Participate in L’s GA: Lincoln’s Gettysburg Address
CALL FOR PROPOSALS
It was 1967. You don’t remember that, do you? Probably you weren’t even around then. But I was. And it is one of my memories; what I remember; part of our American Biography; part of what made us all—even you, who might not have been born—what we are.
Young men were being drafted and dying in the jungle. Young black men were dying more often. Resistance was growing. There was a concert, and Sal Martirano presented L’s GA for the first time: a composition for gas-masked politico, with helium bomb, assisted by a nurse. Lincoln’s iconic words struggled to be heard through the mask. The voice struggled to be a voice, bombed as it was by helium. American words of inspiration were turned into fascist chanting, mindless calisthenics, totalitarian mockery. And all drowned out by sound and image: love duets at 110 dB; war games played on naked bodies; thunder, drums, and death.
L’s GA (Lincoln’s Gettysburg Address) is a 1967 anti-war classic by American composer Salvatore Martirano for gas-masked politico, helium bomb, three 16mm movie projectors, and two-channel tape recorder. The film was created by Ronald Nameth, the gas-masked politico and additional text were created by Michael Holloway, and the nurse assisting with the administration of the gas was played by Denise Tipei. Historically, the politico has always been portrayed by a non-disabled white male. The role of the nurse (or assistant) has been been played by persons of all genders (and has also been omitted altogether, with the alteration in voice done electronically). There is no reason whatsoever to preserve those gender or racial assignments. That was then; this is now. The politico and the nurse (a slave, or The Boss?)—can be any one of us, any race, any orientation, any age. And although the original language of the Gettysburg Address—and of L’s GA—is English, we welcome responses in any language.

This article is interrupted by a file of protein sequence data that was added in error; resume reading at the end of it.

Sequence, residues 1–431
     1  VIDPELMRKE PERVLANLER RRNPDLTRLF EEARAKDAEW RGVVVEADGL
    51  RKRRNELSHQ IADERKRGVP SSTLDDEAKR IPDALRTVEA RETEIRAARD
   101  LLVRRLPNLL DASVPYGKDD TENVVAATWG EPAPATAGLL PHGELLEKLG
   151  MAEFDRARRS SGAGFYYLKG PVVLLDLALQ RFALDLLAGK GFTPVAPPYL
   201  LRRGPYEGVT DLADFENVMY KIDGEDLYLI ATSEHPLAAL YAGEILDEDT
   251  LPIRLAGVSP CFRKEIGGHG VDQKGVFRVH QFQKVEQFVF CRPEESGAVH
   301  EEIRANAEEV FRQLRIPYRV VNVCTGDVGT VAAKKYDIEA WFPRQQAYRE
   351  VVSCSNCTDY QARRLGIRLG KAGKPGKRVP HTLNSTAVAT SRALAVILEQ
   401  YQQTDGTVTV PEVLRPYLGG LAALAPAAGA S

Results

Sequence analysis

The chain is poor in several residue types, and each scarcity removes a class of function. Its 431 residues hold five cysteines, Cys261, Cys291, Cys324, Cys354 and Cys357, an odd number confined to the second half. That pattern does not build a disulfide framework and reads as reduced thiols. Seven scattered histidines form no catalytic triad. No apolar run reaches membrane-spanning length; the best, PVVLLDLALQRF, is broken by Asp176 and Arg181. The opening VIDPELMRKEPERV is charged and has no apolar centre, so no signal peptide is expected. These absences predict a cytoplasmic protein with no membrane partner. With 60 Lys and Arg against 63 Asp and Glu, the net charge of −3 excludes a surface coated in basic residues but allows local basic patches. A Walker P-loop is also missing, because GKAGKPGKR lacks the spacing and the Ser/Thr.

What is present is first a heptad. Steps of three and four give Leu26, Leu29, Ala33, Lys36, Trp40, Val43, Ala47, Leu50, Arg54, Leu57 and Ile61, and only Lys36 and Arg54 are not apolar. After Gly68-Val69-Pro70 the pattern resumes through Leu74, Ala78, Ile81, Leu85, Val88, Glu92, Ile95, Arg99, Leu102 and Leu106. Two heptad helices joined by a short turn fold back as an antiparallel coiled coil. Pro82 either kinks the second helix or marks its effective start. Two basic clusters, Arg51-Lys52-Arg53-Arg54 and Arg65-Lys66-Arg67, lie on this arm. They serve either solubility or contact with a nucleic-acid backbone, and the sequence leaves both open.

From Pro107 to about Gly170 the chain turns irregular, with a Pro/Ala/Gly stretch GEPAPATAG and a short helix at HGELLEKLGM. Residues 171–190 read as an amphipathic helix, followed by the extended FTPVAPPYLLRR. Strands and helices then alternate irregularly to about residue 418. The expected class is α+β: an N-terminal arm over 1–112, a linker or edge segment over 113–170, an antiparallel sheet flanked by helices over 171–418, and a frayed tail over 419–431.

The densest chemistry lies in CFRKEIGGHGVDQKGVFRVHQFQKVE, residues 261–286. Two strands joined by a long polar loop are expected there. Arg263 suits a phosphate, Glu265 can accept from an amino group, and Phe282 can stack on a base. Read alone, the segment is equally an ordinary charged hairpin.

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As part of the Memory Project initiative, NON:op is commissioning new responses to L’s GA—either performed (re)interpretations or entirely new (re)compositions—created using the original production materials together with whatever you want to add. Text, sound, and image remain; all else is mutable. What hasn’t changed since 1967—or gotten worse? What can the Gettysburg Address possibly mean to you? Who are today’s gas-masked politicos? What masks do you wear—and by force or by choice? What are you forced to breathe—or prevented from breathing? What “nurse” controls your air supply? What drowns out your voice?
Send your proposal to us by November 1, a decision will be announced by November 10, and the completed work is due January 1, 2021.
Productions may result in either video or audio files (or both) and include any media you choose to create. NON:op will provide technical and logistical support if needed, whenever possible.
You may create a work that matches the duration of Martirano’s L’s GA (about 25 minutes) or something of a shorter duration, with a minimum duration of five minutes.
Artists’ fees are calculated on the basis of $15 per hour. We anticipate that it will take approximately 30 hours to create a 25-minute response. This includes approximately five hours of conceptualization and 25 hours of production time. Thus, if you create a 20-minute response, you would spend 25 hours and receive a fee of $375. (NON:op doesn’t have an abundance of resources, but it does feel that all persons should be paid for their time. And yes, we probably agree with you: if the world were as it should be, the basic wage—for everyone—would be closer to $100 per hour.)
We hope to include completed productions in a live event—a manifestation—in 2021.
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You must include a description of your project and process—500 words or less, please!
You may choose also to include the following to strengthen your proposal:
– Audio samples
– Video samples
– Text samples
– Sketches or preliminary scenarios
Submission form may be found HERE. (COMING SOON!)
If you have questions, please contact William (Bill) Brooks at bill [at] nonopera [dot] org or Christophe Preissing at non [at] nonopera [dot] org.